Car review: The Jaguar XE 3.0 V6 S is set to put British cars on top of the world again

Richard Aucock
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You know you’ve made it at work when you swap the keys of your bog-standard company car for a premium model better suited to the junior executive you’ve become, like a BMW, an Audi or a Mercedes-Benz. But if everyone is trading up, the brands risk losing the exclusivity that made them so appealing in the first place.
These three German car brands are so desirable, though, and so good that that’s exactly what’s been happening. They’ve seen off virtually every rival and, in the cases of Saab and MG Rover, annihilated entire companies. Apart from the odd Lexus or oddball Infiniti, choice in this sector is limited to three cars: the Audi A4, BMW 3 Series and Mercedes-Benz C-Class.
Jaguar doesn’t think this is right. So it has spent billions designing a new car architecture, engine, factory to build the car and another new factory to build the engine. Yup, the XE is about as new as can be. All to take on those pesky Germans.
You might not agree if you’ve already seen the pictures, but trust me, it’s a pretty sight especially when it’s bathed in Spanish sunshine. All its rivals are traditional takes on the three-box saloon, but Jaguar’s done something different, creating a more coupe-like design with a set-back cabin, swooping roofline and neat, elegant lines. The stance is lovely and the design’s a real grower.
When you drive a BMW 3 Series, you drop down really low into a sporty-feeling seat. It feels good and the XE feels the same. It puts you in a positive frame of mind that’s only improved by a steering wheel and instrument pack taken straight from the F-Type sportscar. The interior wears jewellery, such as the solid metal outer vents, and double stitching on the dash-top furthers the tailored feel.

Inside the Jaguar XE

It’s all good quality and, unlike Jaguars of old, the effect isn’t jarred when you spy the touchscreen infotainment system, which has been modernised at last, making Jag execs proudly boast about all the geeky apps you can have on it.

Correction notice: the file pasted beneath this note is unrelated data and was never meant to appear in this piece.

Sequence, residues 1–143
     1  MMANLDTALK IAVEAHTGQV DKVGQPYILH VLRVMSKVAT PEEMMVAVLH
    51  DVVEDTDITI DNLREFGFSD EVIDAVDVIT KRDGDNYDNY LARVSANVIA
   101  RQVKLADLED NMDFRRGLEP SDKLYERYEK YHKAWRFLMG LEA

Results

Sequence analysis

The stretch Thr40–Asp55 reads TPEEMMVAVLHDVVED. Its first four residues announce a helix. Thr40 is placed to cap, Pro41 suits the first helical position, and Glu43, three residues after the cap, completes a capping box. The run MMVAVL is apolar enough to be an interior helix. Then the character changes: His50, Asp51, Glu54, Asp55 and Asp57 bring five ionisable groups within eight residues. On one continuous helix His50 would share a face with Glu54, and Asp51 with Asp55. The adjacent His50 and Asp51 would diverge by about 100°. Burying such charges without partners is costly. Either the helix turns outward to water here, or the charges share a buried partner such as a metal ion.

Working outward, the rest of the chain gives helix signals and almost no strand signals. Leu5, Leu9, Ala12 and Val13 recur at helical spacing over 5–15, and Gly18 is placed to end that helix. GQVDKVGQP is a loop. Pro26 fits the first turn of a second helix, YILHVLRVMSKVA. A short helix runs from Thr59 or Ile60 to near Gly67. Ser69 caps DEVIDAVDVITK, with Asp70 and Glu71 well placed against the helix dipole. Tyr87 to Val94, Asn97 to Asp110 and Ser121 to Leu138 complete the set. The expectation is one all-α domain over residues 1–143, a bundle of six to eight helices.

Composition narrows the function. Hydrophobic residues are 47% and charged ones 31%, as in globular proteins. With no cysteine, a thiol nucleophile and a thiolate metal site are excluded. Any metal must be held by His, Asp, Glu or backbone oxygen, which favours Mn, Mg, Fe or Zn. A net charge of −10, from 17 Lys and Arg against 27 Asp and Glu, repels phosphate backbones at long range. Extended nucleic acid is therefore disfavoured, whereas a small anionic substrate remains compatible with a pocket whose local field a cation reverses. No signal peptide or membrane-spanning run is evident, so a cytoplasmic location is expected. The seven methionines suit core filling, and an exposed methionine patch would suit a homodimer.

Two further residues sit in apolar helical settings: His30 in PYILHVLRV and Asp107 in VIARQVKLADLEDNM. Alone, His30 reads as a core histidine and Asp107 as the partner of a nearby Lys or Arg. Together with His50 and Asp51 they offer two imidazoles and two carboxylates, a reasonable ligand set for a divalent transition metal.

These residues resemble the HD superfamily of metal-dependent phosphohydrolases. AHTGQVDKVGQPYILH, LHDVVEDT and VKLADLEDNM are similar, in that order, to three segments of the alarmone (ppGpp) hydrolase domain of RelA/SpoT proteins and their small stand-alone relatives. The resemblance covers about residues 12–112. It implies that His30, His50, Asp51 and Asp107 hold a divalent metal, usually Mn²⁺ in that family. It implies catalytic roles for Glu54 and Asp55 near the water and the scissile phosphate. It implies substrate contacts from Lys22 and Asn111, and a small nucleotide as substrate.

Those trading up from a non-premium brand will be taking another diesel. The new 2.0-litre Ingenium motor will still be a marked step up in class, revving cleanly and distantly, pulling strongly, yet still putting out low CO2 emissions. You can have it with a meaty six-speed manual, like a BMW, but I prefer the eight-speed auto, complete with cool pop-up rotary shifter.
Those with more to spend should go for the V6 S. It has a 3.0-litre supercharged engine from the F-Type. Need any more reasons? Try a wicked engine note and immediate performance that surely equals that of a hot BMW. It’s wonderful – and even though it only (correctly) drives the rear wheels, space-age differentials have no problem sending all that power to the tarmac. You’ll pay for it in fuel and tax, but it’ll be worth the expense.
But I’ve saved the best until last. People choose German cars because they think they drive the best. In fact, if they want the best, they should choose British. The XE handles tenaciously, rides beautifully and maximises the feel-good factor no matter what road you’re on. Out of nowhere, Jaguar has done what global giants have not: it’s toppled the Germans.
But BMW’s not going to stand still, and in just a few days we’ll see its answer to the XE, followed by Audi’s later in the year. But that’s how much Jaguar has achieved with the XE – the incumbents are rattled, and responding.
Soon, this car will be on the shopping list of every big exec in the City, and it’s almost certainly the car that will help Jaguar make it big.
Richard Aucock works for


PRICE: £44,865
0-62MPH: 5.2 secs
TOP SPEED: 155mph
CO2 G/KM: 194g/km


DESIGN: ★★★★★

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